Natural gas prices have fallen to their lowest levels in 10 years. Traders who have been long natural gas have been feeling the heat.
But it has in fact been warmer than usual for all of us. This is bad news for the natural gas companies who would hope we’d crank up our natural gas heaters each winter.
Last week, Citi’s Robert Morris slashed his 2012 natural gas price target to $3.25/MMBtu from $3.85/MMBtu.
Among other things, he notes that we’re experiencing one of the warmest winters in a decade. Here’s some of what he had to say:
Temperatures winter-to-date (November 1st through January 5th) have now been ~10% warmer-than-normal (i.e., 10-year average), with November, December and the first week of January accounting for ~41% of a normal winter’s total customer-weighted gas-home heating degree days (HDDs). Consequently, last week ended with a 356 Bcf year-over-year storage surplus. We estimate that if temperatures for the remainder of this winter just match the 10-year average, then the full winter would end up ~4% warmer than-normal. However, most forecasts are calling for continued mild temperatures through February. Meanwhile, last winter was ~6% colder-than-normal. The unusually warm progression of this winter has resulted in ~3.2 Bcf/d lower demand in the residential and commercial sectors through the end of December versus a normal winter…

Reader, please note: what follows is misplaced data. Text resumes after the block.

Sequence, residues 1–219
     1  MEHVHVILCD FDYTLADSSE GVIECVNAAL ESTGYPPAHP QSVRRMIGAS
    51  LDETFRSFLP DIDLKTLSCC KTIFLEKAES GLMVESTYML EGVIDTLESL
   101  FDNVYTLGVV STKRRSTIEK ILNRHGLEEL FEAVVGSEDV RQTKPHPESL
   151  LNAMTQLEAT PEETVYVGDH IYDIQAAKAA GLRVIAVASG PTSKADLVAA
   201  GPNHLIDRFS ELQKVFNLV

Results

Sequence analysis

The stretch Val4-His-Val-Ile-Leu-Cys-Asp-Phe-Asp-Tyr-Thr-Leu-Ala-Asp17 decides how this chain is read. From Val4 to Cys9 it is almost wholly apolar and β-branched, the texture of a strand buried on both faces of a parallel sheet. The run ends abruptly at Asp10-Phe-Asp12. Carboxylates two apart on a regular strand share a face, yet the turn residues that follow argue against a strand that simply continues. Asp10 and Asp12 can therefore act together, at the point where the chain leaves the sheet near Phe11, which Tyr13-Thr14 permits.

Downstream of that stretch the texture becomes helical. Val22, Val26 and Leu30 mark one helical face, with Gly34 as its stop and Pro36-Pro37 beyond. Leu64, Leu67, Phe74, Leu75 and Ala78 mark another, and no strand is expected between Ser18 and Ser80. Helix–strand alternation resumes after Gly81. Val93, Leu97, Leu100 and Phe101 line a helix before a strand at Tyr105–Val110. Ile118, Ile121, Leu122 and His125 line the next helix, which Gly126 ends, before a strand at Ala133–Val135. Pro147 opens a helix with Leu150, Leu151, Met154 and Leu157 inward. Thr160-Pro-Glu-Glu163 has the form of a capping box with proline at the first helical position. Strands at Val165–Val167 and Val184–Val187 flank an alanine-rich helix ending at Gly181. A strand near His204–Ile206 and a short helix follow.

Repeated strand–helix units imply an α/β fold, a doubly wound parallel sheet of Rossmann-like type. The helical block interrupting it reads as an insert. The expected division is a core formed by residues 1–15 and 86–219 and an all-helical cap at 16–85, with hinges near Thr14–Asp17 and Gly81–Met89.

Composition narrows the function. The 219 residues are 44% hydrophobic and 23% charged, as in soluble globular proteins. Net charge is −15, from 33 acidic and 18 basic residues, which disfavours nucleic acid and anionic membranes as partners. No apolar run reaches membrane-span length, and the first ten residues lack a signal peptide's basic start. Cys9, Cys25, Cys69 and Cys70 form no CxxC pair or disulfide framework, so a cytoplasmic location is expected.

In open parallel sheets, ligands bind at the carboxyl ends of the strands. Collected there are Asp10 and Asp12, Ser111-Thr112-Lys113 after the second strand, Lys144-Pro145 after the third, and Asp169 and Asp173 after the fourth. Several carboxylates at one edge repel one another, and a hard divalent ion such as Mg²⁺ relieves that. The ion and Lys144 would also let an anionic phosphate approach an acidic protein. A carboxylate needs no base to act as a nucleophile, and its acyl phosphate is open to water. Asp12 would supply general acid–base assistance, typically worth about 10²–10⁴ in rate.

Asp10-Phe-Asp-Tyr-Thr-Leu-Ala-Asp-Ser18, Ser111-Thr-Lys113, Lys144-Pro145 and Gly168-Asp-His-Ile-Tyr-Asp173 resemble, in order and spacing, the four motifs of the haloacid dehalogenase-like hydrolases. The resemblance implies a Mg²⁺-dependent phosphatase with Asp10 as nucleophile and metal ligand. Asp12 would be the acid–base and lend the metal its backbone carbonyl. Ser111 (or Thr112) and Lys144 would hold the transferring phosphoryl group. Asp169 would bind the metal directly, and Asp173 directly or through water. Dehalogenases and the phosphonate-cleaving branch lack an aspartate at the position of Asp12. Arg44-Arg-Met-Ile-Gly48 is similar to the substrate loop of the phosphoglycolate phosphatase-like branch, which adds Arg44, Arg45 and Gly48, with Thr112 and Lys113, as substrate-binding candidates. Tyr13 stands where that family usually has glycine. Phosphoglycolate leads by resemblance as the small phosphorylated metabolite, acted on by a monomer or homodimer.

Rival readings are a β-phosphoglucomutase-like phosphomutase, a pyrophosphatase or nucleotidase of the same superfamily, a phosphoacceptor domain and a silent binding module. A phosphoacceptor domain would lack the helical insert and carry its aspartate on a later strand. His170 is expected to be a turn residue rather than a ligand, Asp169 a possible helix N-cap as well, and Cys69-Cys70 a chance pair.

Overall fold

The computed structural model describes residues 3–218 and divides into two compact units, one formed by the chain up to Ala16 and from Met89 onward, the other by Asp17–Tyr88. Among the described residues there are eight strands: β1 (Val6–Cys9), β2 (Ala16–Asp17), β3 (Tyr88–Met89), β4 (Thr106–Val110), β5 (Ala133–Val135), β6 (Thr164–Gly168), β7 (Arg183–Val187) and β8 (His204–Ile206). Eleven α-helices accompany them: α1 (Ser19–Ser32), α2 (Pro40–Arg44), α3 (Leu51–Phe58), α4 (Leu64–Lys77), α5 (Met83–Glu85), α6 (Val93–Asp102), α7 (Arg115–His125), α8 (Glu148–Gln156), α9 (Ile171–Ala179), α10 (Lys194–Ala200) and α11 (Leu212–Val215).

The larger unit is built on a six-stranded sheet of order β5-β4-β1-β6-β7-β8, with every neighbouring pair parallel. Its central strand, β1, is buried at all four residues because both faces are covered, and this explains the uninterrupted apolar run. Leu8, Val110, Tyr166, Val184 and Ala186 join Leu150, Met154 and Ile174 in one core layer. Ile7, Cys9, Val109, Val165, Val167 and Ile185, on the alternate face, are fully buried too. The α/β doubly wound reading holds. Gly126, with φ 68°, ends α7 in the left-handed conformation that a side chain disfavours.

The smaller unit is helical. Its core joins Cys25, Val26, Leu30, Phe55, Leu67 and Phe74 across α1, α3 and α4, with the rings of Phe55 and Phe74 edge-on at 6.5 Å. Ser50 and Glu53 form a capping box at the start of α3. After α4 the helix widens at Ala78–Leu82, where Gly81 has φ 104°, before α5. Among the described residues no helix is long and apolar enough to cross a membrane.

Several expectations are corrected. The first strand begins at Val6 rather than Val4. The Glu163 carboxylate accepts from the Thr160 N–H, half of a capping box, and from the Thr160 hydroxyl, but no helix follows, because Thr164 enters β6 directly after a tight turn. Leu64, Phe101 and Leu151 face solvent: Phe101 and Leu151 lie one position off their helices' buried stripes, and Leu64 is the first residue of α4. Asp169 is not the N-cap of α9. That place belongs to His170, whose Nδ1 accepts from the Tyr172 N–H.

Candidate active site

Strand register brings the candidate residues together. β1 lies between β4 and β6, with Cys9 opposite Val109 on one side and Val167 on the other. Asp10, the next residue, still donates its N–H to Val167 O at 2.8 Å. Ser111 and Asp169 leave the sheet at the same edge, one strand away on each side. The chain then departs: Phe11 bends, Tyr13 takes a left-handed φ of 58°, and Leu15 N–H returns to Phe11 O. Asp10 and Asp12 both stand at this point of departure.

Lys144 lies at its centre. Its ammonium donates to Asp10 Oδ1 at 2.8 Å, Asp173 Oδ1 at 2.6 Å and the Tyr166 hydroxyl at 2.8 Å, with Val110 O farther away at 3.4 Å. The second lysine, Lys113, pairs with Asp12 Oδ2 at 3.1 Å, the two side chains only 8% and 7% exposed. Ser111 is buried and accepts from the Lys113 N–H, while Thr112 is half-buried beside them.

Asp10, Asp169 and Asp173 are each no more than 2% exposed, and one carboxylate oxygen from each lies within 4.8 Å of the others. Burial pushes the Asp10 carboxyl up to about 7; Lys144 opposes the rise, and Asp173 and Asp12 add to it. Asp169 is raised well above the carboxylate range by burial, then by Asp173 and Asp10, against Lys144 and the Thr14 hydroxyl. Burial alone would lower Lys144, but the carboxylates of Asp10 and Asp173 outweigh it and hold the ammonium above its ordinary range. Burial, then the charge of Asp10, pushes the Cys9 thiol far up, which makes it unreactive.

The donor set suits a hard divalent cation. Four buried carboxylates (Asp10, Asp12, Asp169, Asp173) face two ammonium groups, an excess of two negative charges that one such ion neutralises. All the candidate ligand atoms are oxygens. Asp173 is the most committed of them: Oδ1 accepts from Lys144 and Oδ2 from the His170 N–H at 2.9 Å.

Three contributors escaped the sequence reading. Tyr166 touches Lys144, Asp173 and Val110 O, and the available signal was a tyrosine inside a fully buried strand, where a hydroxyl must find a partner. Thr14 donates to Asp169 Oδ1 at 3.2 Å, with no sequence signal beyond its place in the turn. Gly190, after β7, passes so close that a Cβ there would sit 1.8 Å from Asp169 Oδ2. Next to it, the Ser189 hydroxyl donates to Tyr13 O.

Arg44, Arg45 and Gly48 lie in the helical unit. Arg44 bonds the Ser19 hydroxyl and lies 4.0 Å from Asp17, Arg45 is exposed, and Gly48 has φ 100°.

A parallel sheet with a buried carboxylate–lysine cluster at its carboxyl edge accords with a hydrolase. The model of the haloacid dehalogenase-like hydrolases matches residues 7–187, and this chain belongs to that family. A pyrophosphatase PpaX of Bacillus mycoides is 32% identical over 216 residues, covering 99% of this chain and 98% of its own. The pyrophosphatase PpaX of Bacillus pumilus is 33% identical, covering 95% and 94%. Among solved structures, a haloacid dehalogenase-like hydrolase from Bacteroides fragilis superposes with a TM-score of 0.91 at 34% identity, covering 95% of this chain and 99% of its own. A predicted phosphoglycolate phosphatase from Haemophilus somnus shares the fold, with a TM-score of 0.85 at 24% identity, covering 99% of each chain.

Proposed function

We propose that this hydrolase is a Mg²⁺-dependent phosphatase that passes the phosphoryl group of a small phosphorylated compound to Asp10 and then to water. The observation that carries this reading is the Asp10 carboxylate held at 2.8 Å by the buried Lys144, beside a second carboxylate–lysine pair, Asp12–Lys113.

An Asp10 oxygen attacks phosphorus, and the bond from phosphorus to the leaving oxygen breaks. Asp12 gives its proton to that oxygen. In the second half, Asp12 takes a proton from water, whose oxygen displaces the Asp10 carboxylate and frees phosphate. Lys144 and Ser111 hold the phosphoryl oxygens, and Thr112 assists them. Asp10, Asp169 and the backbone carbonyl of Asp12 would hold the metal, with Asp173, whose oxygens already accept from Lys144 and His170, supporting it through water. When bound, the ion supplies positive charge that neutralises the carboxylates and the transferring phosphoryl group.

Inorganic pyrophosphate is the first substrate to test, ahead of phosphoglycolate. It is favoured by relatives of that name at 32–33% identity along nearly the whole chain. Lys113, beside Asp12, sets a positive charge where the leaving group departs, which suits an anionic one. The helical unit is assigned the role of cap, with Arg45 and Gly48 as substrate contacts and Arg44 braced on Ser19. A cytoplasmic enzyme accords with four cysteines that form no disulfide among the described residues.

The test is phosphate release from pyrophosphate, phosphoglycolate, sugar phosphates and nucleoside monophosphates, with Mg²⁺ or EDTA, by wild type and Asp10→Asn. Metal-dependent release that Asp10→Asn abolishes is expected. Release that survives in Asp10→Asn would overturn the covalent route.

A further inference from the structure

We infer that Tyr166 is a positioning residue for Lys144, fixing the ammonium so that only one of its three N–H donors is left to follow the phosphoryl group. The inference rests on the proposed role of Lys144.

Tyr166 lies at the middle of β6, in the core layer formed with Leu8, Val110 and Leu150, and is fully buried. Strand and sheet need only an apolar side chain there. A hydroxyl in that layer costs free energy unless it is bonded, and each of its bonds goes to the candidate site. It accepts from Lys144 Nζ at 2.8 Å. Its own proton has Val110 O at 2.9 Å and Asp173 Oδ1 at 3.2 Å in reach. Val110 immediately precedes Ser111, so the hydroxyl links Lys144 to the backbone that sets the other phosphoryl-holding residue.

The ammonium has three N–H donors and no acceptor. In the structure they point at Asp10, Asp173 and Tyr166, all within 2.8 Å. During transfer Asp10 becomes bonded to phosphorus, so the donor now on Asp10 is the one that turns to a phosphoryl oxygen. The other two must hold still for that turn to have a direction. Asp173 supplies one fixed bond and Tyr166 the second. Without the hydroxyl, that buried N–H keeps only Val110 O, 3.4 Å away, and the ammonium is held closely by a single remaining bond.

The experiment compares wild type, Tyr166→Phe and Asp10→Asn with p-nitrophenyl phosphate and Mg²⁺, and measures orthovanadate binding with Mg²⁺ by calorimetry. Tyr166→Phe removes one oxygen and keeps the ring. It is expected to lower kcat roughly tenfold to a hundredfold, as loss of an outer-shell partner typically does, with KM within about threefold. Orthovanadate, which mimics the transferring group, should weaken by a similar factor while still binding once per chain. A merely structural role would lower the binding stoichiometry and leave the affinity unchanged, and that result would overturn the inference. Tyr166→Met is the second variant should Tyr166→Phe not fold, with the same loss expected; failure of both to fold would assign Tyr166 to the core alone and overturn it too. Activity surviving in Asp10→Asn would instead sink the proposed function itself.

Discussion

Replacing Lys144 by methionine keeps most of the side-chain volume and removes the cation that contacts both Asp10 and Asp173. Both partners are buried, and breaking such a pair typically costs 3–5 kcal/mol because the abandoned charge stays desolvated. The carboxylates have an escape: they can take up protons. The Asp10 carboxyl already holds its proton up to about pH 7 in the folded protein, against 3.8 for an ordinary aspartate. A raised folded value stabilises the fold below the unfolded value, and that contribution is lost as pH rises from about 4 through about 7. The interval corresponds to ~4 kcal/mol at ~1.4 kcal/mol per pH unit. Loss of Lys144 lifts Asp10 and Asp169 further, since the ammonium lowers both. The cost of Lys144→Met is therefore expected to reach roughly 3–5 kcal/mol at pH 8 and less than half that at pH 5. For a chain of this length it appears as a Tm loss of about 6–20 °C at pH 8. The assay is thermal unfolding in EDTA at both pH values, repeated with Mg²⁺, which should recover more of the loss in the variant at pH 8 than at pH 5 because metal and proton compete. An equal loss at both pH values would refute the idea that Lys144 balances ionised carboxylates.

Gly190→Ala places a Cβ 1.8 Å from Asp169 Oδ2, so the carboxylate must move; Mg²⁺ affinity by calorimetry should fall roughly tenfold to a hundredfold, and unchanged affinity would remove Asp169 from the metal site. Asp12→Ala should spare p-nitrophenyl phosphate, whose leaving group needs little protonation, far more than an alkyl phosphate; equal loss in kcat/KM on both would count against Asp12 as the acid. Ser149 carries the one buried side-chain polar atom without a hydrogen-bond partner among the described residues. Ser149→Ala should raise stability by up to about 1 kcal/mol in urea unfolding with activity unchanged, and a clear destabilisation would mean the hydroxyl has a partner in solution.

That brings us to Chart 2 in his report. It captures winter temperatures as measured in heating degree days (HDDs). The baseline represents the 10-year average. As you can see from the 2011-2012 winter-to-date, it has been 9.6% warmer than usual.
[credit provider=”Citi Investment Research & Analysis”]